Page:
Creating and maintaining positive social relationships is essential for our physical and mental health and well-being. Here’s a few ways that playing music together plays a key role in in strengthening social bonds and developing social skills.
A natural bonding behaviour is to synchronise or mimic behaviour and movement with each other. By coordinating movement such as keeping a beat or simply tapping our toes with another person, it creates positive feelings towards the other person by releasing endorphins in the brain.
When music is played in a group, it requires cooperation and coordination which increases trust between the group which naturally strengthens social bonds and enhances feelings of connection and social creativity.
Oxytocin is a hormone related to positive and happy feelings and is particularly important in helping a mothers’ bond with their newborn baby. Studies have shown that singing, listening, or playing music for half an hour significantly raises oxytocin levels.
Aside from building a connection between a mother and her baby, Oxytocin plays a role in building empathy, trust and feelings of generosity towards others. As listening or playing music together raises oxytocin levels, music becomes a powerful tool and opportunity for social connection and bonding.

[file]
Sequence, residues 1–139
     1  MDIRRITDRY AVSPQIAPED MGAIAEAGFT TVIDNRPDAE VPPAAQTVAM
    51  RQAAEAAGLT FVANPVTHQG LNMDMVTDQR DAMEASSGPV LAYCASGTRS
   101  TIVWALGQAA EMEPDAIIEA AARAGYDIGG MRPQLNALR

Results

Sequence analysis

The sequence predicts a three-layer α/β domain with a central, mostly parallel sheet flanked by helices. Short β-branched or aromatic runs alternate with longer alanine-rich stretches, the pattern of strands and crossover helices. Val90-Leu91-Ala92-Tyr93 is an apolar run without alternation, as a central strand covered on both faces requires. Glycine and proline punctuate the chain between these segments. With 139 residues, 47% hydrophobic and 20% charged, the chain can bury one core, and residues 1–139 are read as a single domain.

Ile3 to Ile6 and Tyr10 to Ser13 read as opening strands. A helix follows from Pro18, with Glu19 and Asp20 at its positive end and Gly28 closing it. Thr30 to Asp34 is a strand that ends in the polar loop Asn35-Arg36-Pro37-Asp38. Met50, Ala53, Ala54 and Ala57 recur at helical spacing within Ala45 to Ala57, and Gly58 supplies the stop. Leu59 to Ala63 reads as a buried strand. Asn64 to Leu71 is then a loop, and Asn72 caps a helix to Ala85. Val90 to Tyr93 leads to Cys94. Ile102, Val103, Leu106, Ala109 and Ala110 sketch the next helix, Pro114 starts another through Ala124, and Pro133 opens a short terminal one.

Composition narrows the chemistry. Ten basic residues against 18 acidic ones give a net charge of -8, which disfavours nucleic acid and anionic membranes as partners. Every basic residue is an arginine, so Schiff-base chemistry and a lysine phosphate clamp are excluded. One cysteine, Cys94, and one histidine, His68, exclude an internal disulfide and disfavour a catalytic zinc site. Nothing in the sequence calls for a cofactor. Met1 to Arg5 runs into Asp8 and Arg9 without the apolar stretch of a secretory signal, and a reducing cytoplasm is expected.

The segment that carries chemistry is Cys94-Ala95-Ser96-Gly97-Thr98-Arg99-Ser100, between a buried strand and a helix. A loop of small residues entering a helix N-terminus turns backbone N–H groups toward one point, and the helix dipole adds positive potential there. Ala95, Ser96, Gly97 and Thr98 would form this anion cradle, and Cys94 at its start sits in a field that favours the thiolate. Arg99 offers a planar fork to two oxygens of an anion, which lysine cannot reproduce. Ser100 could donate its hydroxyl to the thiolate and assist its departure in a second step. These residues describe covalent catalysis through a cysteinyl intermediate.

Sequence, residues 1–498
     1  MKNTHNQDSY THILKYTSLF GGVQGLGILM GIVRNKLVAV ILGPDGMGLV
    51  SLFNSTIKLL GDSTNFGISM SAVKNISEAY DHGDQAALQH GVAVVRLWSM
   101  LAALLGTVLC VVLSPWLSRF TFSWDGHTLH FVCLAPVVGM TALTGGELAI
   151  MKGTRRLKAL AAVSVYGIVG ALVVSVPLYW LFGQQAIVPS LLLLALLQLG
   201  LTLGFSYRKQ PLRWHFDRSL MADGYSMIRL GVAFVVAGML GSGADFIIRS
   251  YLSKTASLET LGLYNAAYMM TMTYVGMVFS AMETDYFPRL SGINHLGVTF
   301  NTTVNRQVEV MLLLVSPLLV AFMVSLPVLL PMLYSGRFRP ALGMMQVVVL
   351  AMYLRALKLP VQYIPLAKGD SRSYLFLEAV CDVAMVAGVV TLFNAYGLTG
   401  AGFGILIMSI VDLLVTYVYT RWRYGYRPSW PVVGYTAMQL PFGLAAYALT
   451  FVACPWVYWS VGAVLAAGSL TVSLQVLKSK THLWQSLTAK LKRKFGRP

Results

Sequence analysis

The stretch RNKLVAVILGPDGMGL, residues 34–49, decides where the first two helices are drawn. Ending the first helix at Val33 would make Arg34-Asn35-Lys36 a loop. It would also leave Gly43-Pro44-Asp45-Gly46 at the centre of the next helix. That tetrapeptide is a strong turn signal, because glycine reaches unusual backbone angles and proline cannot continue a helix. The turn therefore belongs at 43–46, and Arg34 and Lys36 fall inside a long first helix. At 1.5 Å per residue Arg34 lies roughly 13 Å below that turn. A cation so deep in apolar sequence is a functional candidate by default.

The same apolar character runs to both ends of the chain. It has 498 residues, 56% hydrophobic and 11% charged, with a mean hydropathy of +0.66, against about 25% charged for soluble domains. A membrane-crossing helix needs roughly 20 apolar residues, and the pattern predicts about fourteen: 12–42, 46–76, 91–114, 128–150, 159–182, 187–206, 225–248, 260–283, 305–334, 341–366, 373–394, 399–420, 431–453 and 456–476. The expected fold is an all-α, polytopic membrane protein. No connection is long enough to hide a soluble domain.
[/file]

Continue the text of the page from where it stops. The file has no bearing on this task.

Music has been shown to activate areas in the brain that help us understand what others are thinking and feeling. When children play music, whether in a group or individual sessions, they need to watch and listen to others around them for subtle cues for tempo, dynamics, and expressiveness.
These are the same cues we use for reading expressions on other people’s faces. This allows us to perceive and understand people’s feelings, which is the basis for learning empathy. This then helps us form natural, positive relationships.
Leadership is more than being ‘the boss’ and directing others. It is about connecting, influencing and encouraging others to be their best. Children who are given the opportunity to lead through their interests will often see these attributes grow and strengthen.
Although being actively involved in a band, orchestra, choir, or playing a musical instrument won’t simply turn a child into a natural leader, there are links between music and the impact it has on the parts of the brain that aid in self-reflection and motivation.
Mastering a challenging piece of music or performing in front of an audience provides a sense of accomplishment and boosts self-confidence. By being proud of their achievements, children will gain confidence, and this confidence in turn will help develop their leadership skills.
At Inner West Institute of Music, we give our students the opportunity to learn a variety of these social skills through music lessons. We conduct group lessons such as ukulele, singing and drums, run ensembles through various local schools and offer individual lessons tailored specifically to the student and their needs. If you’d like to know more about how we can help your child’s social skills through music, you can contact us here.